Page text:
Chesapeake Energy Corp. continued monetizing assets last week, announcing the spin-off of some of its midstream holdings to a joint venture it formed with a private equity partner. Such a deal has been in the works for a while and creates an entity that CEO Aubrey K. McClendon said could one day rank among the country's largest public midstream companies.

New York-based private equity fund Global Infrastructure Partners (GIP) is Chesapeake's partner in the deal. The Oklahoma City-based producer will contribute substantially all of its midstream assets in the Barnett Shale and also the majority of the its nonshale midstream assets in the Arkoma, Anadarko, Delaware and Permian basins to the new entity, Chesapeake Midstream Partners LLC (CMP). GIP will purchase a 50% interest in CMP. Chesapeake will retain the remaining 50% interest in CMP and receive $588 million in cash from GIP. Closing is expected by Wednesday.

Analysts at Tudor, Pickering, Holt & Co. Securities Inc. said last Friday the transaction is a "positive" and should calm fears that Chesapeake might need to sell new equity. They also noted that the $588 million in cash Chesapeake will receive will fund ongoing exploration and production. The analysts said the deal values the midstream assets at least at six to eight times earnings before interest, taxes, depreciation and amortization (EBITDA) and probably closer to 10 times EBITDA. "Global Infrastructure Partners may be paying up for these assets to position for future 'dropdowns' of 'growthier' shale midstream assets," they noted.

McClendon said the deal unlocks the value of the company's midstream assets and advances its asset monetization program. "More importantly, we believe CMP will become one of the premier natural gas gathering businesses in the industry and serve as an attractive vehicle for monetizing additional Chesapeake gathering systems as they become more fully developed," McClendon said. "CMP will continue to generate substantial synergies with our upstream operations and some day, we expect CMP to become one of the largest public midstream companies in the nation."

CMP will enter into various agreements with Chesapeake, including a long-term gas gathering agreement at rates consistent with current market pricing. CMP will focus on unregulated business activities in service to both Chesapeake and third-party gas producers. Its revenues will be generated almost entirely from fixed fee-based arrangements for gathering, compression, dehydration and treating services. J. Mike Stice, Chesapeake senior vice president for natural gas projects, will serve as CEO of CMP.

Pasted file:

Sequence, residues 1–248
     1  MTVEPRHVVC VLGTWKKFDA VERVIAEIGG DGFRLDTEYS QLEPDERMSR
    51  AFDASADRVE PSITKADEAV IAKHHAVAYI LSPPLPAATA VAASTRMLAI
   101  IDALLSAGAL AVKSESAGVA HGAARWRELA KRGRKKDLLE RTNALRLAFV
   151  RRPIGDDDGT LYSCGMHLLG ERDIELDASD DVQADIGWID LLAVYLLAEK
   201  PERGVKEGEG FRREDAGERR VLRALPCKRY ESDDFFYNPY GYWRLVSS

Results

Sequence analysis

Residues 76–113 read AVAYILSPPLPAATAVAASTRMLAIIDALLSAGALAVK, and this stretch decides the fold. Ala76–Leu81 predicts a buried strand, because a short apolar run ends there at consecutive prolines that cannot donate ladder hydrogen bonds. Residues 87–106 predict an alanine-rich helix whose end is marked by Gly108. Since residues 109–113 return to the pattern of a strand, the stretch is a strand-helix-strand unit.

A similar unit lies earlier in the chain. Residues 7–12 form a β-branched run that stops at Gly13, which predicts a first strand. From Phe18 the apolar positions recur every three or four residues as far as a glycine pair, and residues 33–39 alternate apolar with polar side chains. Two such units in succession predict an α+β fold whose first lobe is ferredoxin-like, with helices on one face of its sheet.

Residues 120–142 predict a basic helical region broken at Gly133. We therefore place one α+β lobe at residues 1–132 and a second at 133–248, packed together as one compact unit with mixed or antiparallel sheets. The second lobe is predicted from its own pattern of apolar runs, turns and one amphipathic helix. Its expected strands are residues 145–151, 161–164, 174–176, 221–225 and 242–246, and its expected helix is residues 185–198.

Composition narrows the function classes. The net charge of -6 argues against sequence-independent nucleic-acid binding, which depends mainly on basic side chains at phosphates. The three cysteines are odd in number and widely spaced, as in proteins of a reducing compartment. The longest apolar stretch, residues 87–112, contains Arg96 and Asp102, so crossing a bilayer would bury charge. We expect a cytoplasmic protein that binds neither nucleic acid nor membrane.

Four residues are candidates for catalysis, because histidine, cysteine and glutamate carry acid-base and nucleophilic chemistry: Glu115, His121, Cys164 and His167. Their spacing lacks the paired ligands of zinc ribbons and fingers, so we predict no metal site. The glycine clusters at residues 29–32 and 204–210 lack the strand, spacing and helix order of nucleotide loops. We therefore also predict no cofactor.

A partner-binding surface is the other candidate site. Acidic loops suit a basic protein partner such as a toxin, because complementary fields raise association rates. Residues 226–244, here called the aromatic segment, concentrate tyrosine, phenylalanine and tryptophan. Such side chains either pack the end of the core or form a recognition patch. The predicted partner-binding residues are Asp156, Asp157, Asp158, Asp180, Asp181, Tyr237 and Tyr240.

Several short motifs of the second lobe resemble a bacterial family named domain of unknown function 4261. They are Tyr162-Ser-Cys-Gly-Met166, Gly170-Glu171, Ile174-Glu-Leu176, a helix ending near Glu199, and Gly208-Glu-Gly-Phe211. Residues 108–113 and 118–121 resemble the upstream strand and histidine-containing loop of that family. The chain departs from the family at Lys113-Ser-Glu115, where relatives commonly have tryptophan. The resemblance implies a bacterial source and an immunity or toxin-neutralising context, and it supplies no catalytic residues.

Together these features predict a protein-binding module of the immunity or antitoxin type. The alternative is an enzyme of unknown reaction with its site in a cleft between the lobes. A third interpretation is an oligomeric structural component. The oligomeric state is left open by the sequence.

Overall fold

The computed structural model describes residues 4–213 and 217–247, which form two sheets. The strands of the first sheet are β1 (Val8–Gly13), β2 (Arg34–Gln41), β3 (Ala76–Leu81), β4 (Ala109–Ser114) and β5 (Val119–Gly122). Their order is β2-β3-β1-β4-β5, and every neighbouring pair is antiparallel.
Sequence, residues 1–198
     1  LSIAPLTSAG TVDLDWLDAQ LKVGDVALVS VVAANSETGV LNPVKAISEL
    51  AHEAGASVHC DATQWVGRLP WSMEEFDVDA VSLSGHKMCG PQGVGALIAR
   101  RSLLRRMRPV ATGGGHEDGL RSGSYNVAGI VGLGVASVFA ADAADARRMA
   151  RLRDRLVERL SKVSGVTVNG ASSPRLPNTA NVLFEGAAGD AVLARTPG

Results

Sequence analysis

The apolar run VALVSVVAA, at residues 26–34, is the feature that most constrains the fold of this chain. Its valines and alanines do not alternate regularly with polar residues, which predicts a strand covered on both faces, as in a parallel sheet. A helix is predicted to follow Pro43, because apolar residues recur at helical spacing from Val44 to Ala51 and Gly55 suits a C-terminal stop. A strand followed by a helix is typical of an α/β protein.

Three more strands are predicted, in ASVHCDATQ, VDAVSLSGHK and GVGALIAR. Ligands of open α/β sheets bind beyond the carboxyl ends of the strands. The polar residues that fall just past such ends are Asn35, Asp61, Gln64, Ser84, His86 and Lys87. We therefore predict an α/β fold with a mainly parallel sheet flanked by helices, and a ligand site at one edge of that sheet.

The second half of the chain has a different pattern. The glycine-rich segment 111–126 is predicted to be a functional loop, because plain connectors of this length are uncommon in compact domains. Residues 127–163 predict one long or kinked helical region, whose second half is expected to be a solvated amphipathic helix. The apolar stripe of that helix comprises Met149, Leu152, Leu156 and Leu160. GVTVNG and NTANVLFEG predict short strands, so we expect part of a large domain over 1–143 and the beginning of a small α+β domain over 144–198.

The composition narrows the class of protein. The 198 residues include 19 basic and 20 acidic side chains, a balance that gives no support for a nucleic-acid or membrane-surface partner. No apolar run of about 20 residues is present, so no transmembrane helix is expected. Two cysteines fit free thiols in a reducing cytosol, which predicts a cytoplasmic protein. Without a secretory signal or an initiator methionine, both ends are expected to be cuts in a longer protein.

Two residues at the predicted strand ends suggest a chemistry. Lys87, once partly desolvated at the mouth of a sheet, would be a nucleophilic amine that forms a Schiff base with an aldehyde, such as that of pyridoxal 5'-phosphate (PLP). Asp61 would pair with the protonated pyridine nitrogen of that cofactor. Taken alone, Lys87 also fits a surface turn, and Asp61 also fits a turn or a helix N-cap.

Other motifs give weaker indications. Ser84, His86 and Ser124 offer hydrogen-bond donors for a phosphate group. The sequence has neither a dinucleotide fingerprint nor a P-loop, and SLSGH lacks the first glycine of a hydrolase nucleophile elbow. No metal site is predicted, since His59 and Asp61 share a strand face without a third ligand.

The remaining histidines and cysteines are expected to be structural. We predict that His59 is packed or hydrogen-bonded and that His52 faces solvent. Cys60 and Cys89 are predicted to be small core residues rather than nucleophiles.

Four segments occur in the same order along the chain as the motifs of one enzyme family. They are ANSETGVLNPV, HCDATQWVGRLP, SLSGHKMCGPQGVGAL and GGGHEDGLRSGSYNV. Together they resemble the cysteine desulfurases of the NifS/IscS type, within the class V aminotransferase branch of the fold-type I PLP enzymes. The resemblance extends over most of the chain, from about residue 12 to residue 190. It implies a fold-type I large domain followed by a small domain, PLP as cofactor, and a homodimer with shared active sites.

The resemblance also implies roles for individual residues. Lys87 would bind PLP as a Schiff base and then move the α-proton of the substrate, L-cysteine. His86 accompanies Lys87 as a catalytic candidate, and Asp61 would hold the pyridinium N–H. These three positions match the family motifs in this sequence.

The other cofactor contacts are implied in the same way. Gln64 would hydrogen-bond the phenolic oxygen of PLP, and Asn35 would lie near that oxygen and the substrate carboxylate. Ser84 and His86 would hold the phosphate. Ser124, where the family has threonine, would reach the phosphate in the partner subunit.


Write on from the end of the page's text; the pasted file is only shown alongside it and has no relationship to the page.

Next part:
CMP will expand its management team by adding a chief operating officer and chief financial officer in the next few months, Chesapeake said. The CMP assets will continue to be operated by existing Chesapeake employees through an employee secondment agreement. In return for certain cost reimbursements, CMP will utilize various support functions within Chesapeake, including accounting, human resources and information technology.

Chesapeake will continue to operate its midstream assets outside of the CMP joint venture in a separate company, Chesapeake Midstream Development LP (CMD), which will include gas gathering assets in the Fayetteville Shale, Haynesville Shale, Marcellus Shale and other areas in Appalachia.

A midstream spin-off has been in the works at Chesapeake since at least last summer (see NGI, Aug. 18, 2008). Last fall the company closed a secured revolving bank credit facility to mature in 2012 for CMP (see NGI, Oct. 20, 2008). Chesapeake was still talking with potential partners as recently as August (see NGI, Aug. 10).

Concurrent with GIP's funding of its interest in the joint venture, CMP is scheduled to close a new $500 million secured revolving bank credit facility agreement that matures in September 2012. CMP plans to utilize the facility to partially fund capital expenditures associated with the building of additional gas gathering systems and for general corporate purposes. Additionally, Chesapeake said it will amend and restate the existing lending agreement on its midstream assets to reduce the total capacity from $460 million to $250 million, among other changes. This separate secured revolving bank credit facility will support CMD's midstream activities.

A conference call to discuss the deal is scheduled for Monday morning.

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